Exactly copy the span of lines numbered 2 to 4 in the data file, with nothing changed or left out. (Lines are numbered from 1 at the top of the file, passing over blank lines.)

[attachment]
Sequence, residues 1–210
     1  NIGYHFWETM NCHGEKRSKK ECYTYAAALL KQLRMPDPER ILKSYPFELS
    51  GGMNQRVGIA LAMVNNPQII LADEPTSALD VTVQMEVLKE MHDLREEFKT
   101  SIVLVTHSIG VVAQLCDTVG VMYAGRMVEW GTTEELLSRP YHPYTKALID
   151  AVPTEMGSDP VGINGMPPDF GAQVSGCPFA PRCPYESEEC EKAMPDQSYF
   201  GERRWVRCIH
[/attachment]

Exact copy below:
     1  NIGYHFWETM NCHGEKRSKK ECYTYAAALL KQLRMPDPER ILKSYPFELS
    51  GGMNQRVGIA LAMVNNPQII LADEPTSALD VTVQMEVLKE MHDLREEFKT
   101  SIVLVTHSIG VVAQLCDTVG VMYAGRMVEW GTTEELLSRP YHPYTKALID